A friend of my lies in the hospital with face lacerations and both broken hip and shoulder from a fall just a few days ago while hanging a tree stand. His cell phone was very rapidly moved to FIRST THING TO PACK on his list and mine! WITHOUT IT, he would have laid there for hours and hours. It took three calls to contact someone who KNEW where he was to go get him.

      If funds for a cell phone is extra expense and tough to come by, take the wife, buddy, Dad, SOMEONE along with you ONCE to show them where you will be. Agree on some kind of horn signal should they need you to come home NOW so they can signal you from your vehicle..

      4. Something I have found SO MANY don’t think is important to carry is a FLASHLIGHT. A small one weighs little and is available everywhere for a few bucks. A flashlight is priceless in convenience and safety! Only a short 400 yards from your vehicle?… don’t think you cannot get LOST in a pitch black night! More than once Ive went “to the rescue” of friends out in a swamp totally lost yet 150 yards from their truck. Their cell phone saved the day but a flashlight in their pack would have been quite a convenience.

      I may return here to add others, but these pop up in my mind here at 630 AM.

      Things I feel I DONT NEED.:!::!: Yikes. Huge area there and one that will differ radically from hunter to hunter and quarry to quarry hunted, so read this list with an open mind allowing each to have his say. This list will VARY immensely.

      FOR ME… and whitetail deer hunting? I’ve NO use for “cover scents”, attractants of any kind, nor game calls. Some swear by them, some of us swear AT them.

      Do they work? Sometimes, maybe even frequently. I simply have an adverse reaction to taking something chemical, mechanical, or artificial and including it in my hunting experiences and memories.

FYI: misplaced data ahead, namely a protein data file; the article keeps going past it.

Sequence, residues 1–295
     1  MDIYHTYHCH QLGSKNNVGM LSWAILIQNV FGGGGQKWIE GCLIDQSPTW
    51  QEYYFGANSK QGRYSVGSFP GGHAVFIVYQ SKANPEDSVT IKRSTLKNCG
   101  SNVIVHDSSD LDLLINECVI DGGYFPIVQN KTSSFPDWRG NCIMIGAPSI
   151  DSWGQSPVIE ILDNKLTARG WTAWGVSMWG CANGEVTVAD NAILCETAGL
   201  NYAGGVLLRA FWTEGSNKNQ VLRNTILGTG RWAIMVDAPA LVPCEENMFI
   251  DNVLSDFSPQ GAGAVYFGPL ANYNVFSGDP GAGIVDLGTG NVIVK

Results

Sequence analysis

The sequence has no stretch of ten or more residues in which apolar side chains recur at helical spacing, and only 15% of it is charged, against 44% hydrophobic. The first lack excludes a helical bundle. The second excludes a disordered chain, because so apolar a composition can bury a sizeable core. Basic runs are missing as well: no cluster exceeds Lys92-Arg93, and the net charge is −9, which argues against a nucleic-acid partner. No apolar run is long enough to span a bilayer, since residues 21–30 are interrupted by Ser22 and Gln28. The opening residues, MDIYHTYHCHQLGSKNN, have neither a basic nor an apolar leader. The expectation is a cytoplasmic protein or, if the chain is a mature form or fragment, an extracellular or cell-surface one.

Downwind is downwind and the LAST thing I want anything I am hunting to do is LOOK FOR ME as they would if using a call or legal attractant of any kind. I prefer to have as little attention brought to me as possible.

      I also no longer use treestands, but will be among the first to say that properly used and a NORMAL stand, not something 45 feet in the air, they are something I suggest to hunters wanting to connect.

      Put in the proper place and gone into and out of quietly and carefully, tree stands are VERY effective. YOU DO NEED to be able to set MOTIONLESS for a long time to make them deadly.

      My reason for not using them but on RARE occasions, is a personal one that stems only from after taking dozens and dozens of deer, taking “another one” has taken back seat to HOW I take another one. If hunting back in the 60s again with the herd size we had then?? I’m sure I’d have a few up!

      Hunting from the ground also allows me a more ready means of changing positons due to wind, sun, lack of game or to attempt a stalk on game I see.

      Ok, don’t anyone faint on me here. WHILE I often use it and know it works, CAMO is NOT something I feel I NEED. I have and use some camo coats, bibs and hats but… I go out hunting in warmer weather with a flannel shirt and dark pants and have shot numerous animals wearing just that.

      I am not saying no one should buy any BUT, should finances be tight spend the money for something your family needs and make do with regular clothing. Camo is nice but not something even close to mandatory on my list.

      I once shot a buck at less than 10 yards wearing a pair of regular blue-jeans, a camo jacket and WHITE tennis shoes after work. “SOMEONE” forgot to pack his bag of hunting clothes 🙄 but I still went and all worked out. A long time hunting friend of mine RARELY wears camo anything and has taken more mature bucks than anyone I know locally.

      CAMO WORKS, no doubts there but you CAN successfully bow hunt without it.

      Just a few of my preferences and reasons for them, this is HARDLY list for YOU to go by.I offer it more as “food for thought” to those interested.

      As far as MANDATORY things, the list is short!!
      A place to hunt
      A license to hunt
      A “stick and a string”

      Safety, as mentioned above, rates many items “right up there” for mandatory things but if I had “only” the three things above?


      God Bless and hoping for a great and safe season for all!


    • Steve J
      Post count: 59

      Thanks Steve